In this article, you can discover:
- The role of an attorney in Chapter 7 bankruptcy.
- Why filing for Chapter 7 bankruptcy does not necessarily mean losing all assets.
- When the best time to file for Chapter 7 is.
- How reaffirmation agreements can allow you to retain possession of an asset.
What Is The Role Of An Attorney During Chapter 7 Bankruptcy?
The role of an attorney in a Chapter 7 bankruptcy case includes meeting with clients, collecting information, and assessing whether you qualify for a Chapter 7 or a Chapter 13 bankruptcy.
The attorney will then prepare the petition, guide the client through the bankruptcy process, prepare them for court, and handle any necessary documents to reaffirm debts or avoid liens. In addition to this, the attorney will also review all creditors and ensure that all debts that should be discharged are.
If I Decide To File For A Chapter 7 Bankruptcy, Do I Lose Everything?
Filing for Chapter 7 bankruptcy does not necessarily mean losing all of one's assets. The purpose of filing for bankruptcy is to get rid of debt while also retaining assets. In some cases, individuals may choose to give up assets such as a car that is not worth continuing to pay for, but generally, the goal is to get rid of debt while keeping assets.
When Is The Best Time To File Under A Chapter 7? How Much Debt Should I Be In To Consider Moving To A Chapter 7?
The best time to file for Chapter 7 bankruptcy is before a garnishment, lawsuit, or falling too far behind on car payments that may result in repossession.
In terms of debt, it is recommended to consider Chapter 7 when the debt exceeds the ability to maintain household expenses and repay the debt. Chapter 7 bankruptcy can help alleviate the burden and put the individual back on stable financial ground.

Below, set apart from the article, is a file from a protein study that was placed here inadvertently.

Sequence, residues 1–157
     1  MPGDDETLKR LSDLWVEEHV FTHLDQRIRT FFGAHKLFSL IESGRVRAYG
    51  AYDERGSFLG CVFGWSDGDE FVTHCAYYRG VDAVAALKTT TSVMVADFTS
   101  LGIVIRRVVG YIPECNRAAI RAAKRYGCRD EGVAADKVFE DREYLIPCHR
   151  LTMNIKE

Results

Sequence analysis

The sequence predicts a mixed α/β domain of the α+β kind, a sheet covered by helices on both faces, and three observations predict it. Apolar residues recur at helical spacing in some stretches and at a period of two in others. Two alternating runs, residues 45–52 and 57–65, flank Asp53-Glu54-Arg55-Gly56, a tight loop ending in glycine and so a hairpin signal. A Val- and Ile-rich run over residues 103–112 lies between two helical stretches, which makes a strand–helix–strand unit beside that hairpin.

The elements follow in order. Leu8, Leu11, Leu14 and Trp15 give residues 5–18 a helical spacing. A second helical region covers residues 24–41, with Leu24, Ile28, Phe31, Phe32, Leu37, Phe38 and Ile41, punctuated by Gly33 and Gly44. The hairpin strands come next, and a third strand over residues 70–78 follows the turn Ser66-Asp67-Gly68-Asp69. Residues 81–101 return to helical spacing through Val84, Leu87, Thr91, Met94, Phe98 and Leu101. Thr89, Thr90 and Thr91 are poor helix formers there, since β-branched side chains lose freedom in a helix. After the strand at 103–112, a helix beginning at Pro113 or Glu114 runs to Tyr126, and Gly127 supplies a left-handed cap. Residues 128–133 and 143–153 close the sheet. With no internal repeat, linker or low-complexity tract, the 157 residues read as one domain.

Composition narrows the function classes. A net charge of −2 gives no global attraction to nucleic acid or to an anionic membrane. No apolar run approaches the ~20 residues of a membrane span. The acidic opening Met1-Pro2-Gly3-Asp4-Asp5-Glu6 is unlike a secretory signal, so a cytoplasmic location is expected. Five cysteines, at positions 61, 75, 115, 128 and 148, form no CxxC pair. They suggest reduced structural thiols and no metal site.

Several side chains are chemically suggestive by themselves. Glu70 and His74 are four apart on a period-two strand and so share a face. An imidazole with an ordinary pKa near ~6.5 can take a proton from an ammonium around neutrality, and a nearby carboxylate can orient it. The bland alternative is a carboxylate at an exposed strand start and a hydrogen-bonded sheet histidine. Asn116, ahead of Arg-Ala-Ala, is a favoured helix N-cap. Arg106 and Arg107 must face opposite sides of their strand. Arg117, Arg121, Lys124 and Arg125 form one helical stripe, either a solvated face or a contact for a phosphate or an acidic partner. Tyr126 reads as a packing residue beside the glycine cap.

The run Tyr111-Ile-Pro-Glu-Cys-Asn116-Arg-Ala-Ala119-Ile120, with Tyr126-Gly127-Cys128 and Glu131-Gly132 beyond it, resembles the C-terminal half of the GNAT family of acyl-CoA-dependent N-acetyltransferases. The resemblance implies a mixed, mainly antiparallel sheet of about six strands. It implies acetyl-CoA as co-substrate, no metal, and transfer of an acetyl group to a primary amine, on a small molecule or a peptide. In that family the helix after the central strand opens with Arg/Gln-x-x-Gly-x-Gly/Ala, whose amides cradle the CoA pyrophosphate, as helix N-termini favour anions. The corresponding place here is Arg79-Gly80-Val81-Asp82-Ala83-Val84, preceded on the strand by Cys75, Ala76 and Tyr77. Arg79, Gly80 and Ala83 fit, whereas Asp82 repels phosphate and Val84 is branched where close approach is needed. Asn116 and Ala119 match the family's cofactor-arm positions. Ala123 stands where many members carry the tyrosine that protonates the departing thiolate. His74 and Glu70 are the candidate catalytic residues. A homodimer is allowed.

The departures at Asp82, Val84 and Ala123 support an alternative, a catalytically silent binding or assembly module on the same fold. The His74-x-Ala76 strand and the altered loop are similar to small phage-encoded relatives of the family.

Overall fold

Do I Have To Go To Court For A Chapter 7 Case?
Due to the ongoing COVID-19 pandemic, court proceedings are currently being held remotely rather than in-person at a downtown location. While it is possible to participate in the hearing via phone, it is recommended that clients meet with their attorneys in person and participate in the hearing together.
This ensures that the client has legal representation present during the questioning by the Chapter 7 trustee, which is used to confirm the accuracy of the information provided in the bankruptcy petition.
Prior to the hearing, the client will have gone over the questions with their attorney and assistants multiple times to ensure they are prepared. At this point, it is important to remember that the worst is over, and the hearing will typically take less than five minutes to complete.
How Are Creditors With Mortgages And Car Notes Handled In A Chapter 7 Case?
When filing for Chapter 7 bankruptcy, all debts are typically subject to being discharged. However, if the individual wishes to retain certain assets (such as a car or home) that are used as collateral, they may enter into a reaffirmation agreement with the creditor.
This agreement allows the individual to continue making payments and retain possession of the asset. It is common for creditors to provide these agreements, with most being executed without issue.
Will Creditors Stop Calling And Harassing Me Once I File For A Chapter 7 Bankruptcy?
Filing for bankruptcy triggers an automatic stay, as outlined in section 362 of the bankruptcy code, which requires all creditors to immediately stop any attempts at collecting debt.
This process happens quickly, with most creditors receiving electronic notification within 24 hours of the paperwork being filed. As a result, many clients report a significant decrease in collection calls following the filing of bankruptcy.
For more information on Role Of An Attorney In A Chapter 7 Bankruptcy, an initial consultation is your next best step. Get the information and legal answers you are seeking by calling (706) 940-0594 today.